Avant South showcases use of AI in robotics at Georgia Tech
ATLANTA, Ga. (Atlanta News First) - If you didn’t know better, you might think Gerry Chen was an art aficionado.
“I’m a big nerd,” Chen, a PhD student, admitted.
But despite the numerous cans of spray paint and canvas he pinned up Thursday evening at the Coda building in Midtown, art is not his passion. In fact, he says he’s not very good at it.
“I just love math, science, and engineering,” Chen said.
So, he made a robot that paints for him.
“What we’re trying to study with this test platform is how to understand translating human motions onto a robot,” Chen explained.
Chen is one of numerous Georgia Tech students participating in Avant South, an event designed to showcase advances in science via artificial intelligence. Chen’s setup, a pully-rigged robot graffiti artist, translates human drawings from an iPad to the canvas.
And the students are just starting to coat the surface of what’s possible with AI.
“Painting, but also things like ballet or parkour,” Chen said.
Speaking of dance, there is exactly that several displays away.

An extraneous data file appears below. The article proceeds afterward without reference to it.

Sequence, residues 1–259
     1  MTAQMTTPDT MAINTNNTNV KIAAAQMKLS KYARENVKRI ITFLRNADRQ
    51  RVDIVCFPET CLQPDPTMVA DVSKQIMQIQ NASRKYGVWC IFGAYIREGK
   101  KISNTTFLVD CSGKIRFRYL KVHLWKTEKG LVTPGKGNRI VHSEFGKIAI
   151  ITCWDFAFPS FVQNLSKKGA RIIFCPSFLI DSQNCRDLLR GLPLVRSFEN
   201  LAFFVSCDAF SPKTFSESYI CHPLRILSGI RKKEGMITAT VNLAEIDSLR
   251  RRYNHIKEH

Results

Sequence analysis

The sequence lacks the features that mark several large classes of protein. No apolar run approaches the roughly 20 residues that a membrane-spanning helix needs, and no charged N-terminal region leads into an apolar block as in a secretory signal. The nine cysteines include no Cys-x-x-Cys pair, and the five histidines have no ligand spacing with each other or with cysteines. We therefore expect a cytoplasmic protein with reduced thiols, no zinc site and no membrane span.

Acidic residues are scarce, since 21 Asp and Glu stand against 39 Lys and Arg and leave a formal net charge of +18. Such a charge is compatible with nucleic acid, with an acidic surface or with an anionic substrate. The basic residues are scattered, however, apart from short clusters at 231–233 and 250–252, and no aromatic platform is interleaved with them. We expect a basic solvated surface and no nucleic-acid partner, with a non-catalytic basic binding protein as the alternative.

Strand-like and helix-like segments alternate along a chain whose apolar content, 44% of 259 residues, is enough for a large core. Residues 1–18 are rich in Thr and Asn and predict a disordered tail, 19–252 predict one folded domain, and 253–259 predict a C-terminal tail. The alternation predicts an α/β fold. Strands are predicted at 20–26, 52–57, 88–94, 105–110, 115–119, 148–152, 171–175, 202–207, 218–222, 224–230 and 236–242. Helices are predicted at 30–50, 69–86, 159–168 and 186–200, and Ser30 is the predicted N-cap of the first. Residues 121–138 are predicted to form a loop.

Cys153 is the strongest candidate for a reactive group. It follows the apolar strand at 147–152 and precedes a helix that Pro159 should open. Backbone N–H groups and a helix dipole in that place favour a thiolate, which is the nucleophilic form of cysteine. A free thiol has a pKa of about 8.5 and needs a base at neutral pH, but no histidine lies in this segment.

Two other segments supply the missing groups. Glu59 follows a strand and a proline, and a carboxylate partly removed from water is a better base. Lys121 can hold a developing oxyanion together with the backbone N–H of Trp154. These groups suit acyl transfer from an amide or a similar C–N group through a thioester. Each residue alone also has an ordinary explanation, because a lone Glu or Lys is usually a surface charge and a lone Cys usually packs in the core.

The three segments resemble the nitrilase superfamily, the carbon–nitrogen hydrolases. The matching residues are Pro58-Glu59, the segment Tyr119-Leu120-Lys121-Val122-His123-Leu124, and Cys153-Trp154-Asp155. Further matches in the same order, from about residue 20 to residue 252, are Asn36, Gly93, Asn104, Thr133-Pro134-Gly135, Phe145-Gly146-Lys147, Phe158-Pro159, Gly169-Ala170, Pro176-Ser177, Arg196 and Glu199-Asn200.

“This is LuminAI,” said Milka Trajkova. “It’s an interactive art installation.”
It’s personal for Trajokova, a research scientist and former ballerina.
“How do we induce a data-driven way to optimize training for dance?” she asked.
In the case of LuminAI, by using cameras to track and replicate human movements, allowing people to see their movements and learn from them.
“I think it’s a very unique way to generate new types of moving and really co-create with you,” Trajkova said. “That’s really the aim of this work.”
And when it comes to aim, there are AI robots who do just that at Avant South, including a robot that plays tennis.
“Kind of think it like a child who starting to play tennis, like, a six or seven-year-old,” said PhD student Zul Fiqar.
All of these AI applications are works in progress, but is it only a matter of time before these machines realize they don’t need us?
“Will robots take over the world?” Chen asked. “Yes, they will, but they will as our children.”
And if they work as our children, who better to parent them than the next generation of geniuses?
“It’s such a beautiful marriage between all these fields of engineering,” Chen said.
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